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Must be crazy to post such an audacious post! American yachties please read.
Debbie
Posted: Sunday, October 12, 2008 4:16 AM

I posted this on FaceBook [Yacht Force's page: http://www.facebook.com/pages/YachtForce/21669548329], so I'm just relaying this message on this forum:

[after watching Yacht Force's Intro video] 
 Fellow Americans, this website and much of this industry constantly touts "like minded" crew or candidates. Although much of this industry has stayed afloat via US dollars, much of these US dollars have gone to "like minded" yachties..as the guy in the video tends to promote. And those "like minded" people are not US. Rarely are American yachties, especially males are hired on exclusive yachts. And even if many of these yachts, US flagged or not, are owned by Americans, Americans are rarely hired or are given a chance to be recruited. Americans are becoming a dying breed in this industry especially American males. So I ask my fellow Americans--no matter how cheesy you think this post is [and I am cheesy by the way], to join a revolution worth being touted. Speak out if you share the same concerns, and here's a good start: American yacht owners.

To add, I would also like to mention that I'm sharing my concerns based upon my experience of three years of being a stewardess. I've seen so many yachts and yachties on these yachts from Lauderdale, the Caribbean, NE USA to parts of the Med...and rarely do I see Americans, especially American males, in the same measure as I've seen of Anglo and European internationals. I'm not anti International, I'm just Anti-Anti American.  It's so easy for crew agents and yachties, especially non Americans, to just brush messages like this off as obnoxious, ignorant, and just plain crazy...but the truth still shows it's gorgeous face year after year. And I believe many of these folks unabashedly realize the truth of what really has gone on in this industry which has perpetuated some blatant discrimination against the hiring and proper treatment towards American yachties. Sometimes it's hard to tell what's really going when there's so many in this industry who have such conniving mannerisms...but I guess it took me about half a year to figure some of this out.

Sure, you'll see Americans on yachts..but they're usually working on older and smaller yachts that may not yield significant income or a more structured professional crew as with larger or more exclusive yachts. 

As soon as I, myself, started sharing my concerns to a few crew agents, yachties, cough-writing an article about it-cough, and a few captains, I quickly realized that my time in this industry would soon come to an end. By the time I did some YouTubing, I already knew what was in store for me, but to ignore these concerns and continue on as if this is all no big deal was already a futile effort for me to do so.

Many of the international yachties' CVs explicitely dictate obtaining a B1B2 visa, however from what I've understood,  it is against US law for anyone to use the same B1 Visa that was previously appointed for employment on a previous yacht  that they once worked on.  Each individual is supposed to apply for a B1 while going through a waiting process. Unfortunately, many either ignore this entire law all together or fly out to, say, the Bahamas to obtain a B1 upon re-entering the US.   Something US Customs in South Florida is all too familiar and apathetic to. Go figure.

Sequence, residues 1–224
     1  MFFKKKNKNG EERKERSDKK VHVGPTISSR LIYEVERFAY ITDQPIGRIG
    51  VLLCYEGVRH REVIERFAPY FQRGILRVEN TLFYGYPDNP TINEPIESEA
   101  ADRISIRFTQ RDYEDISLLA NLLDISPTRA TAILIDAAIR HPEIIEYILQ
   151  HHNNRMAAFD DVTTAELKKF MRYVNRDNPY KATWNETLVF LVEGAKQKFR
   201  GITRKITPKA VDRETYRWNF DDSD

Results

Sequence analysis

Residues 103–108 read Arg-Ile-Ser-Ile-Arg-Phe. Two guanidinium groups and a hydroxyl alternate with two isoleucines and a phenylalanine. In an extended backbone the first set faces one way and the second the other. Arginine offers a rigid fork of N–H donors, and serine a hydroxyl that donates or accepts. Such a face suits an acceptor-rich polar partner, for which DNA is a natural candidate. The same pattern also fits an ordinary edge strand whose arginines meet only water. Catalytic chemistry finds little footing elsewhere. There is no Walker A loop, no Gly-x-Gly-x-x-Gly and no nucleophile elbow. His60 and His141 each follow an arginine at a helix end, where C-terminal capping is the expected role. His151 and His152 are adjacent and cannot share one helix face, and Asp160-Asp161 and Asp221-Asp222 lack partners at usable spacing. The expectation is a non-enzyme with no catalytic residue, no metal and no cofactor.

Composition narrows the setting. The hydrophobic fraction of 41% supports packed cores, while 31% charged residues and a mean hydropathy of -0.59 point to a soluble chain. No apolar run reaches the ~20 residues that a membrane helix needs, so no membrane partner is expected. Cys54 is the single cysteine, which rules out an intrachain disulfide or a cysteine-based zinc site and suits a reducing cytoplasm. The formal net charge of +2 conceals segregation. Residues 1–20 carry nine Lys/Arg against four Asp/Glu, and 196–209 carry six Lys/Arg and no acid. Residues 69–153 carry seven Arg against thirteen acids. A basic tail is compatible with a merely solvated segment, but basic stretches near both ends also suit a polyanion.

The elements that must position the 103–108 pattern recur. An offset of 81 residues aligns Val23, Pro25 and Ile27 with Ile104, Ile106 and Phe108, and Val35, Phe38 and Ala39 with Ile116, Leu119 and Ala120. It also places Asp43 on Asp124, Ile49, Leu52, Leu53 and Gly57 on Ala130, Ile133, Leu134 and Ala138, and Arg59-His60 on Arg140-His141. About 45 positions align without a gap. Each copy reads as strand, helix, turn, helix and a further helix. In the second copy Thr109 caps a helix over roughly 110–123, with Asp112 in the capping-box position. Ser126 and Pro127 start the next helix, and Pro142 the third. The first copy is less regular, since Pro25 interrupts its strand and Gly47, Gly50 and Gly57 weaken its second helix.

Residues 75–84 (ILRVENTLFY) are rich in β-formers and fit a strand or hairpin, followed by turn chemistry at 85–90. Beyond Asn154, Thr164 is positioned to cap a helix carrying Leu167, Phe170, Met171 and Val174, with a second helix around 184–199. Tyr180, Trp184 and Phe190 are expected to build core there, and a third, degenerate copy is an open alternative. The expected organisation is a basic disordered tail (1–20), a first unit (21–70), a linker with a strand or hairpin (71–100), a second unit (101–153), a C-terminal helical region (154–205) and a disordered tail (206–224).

Anonymous
Posted: Sunday, October 12, 2008 11:55 AM

G’day Debbie,

We must remember the nature of sailing the seas is a Truly International Scenario, the places we go, the people we meet & the diverse crews we have onboard are the pluses without doubt. As good as all that sounds there are some real issues behind your concerns, with the exception of the Sport Fishing sector you are very correct that there are not a great deal of Americans who are crew on Superyachts, there may be a few reasons for this.

 

  1. I have had a number Owners & Captains (usually American’s themselves) who specifically ask to not have US crew. This mat be because of some perceptions as follows

·        Poor work ethic & are demanding

·        What happens onboard stays onboard – they don’t want to see themselves on Entertainment Tonight after having to many cocktails & are more worried about this with US crew

·        Litigious attitude

·        Increasingly due to International matters the dislike of Americans in selected countries & associated possible entry / safety issues.

  1. The Jones Act
    • Many US owners for a variety of reasons do not register there vessels in the USA – to change that you need to deal with Congress, if I were an American owner I would not have my Superychat US registered either.
  2. Only a small amount of US candidates apply for a given position – for the past 20 years this has always amazed me, for what ever reason it does not seem to be a career choice of appeal to many Americans compared to other nations.
  3. At the end of the day the position will be filled by the most suitable candidate & if that candidate lives up to his or her CV will then keep that position. So it is up to the individual to get the job & keep it – not what passport they have.

Visa - without getting into the nitting gritty of legalities as there is always many ways of looking at legal matters, we must remeber the B1-B2 visa does not let a person work in the USA, it lets them be onboard a FORIGN flagged vessel that has entered the country. So you are not letting people immigrate to the USA with that status, in one form or another it is the same in the other countries we vist. It should aslo be noted that reguardless of how many counties we visit world wide most crew nearly always end up going "Home" at the end of ther career.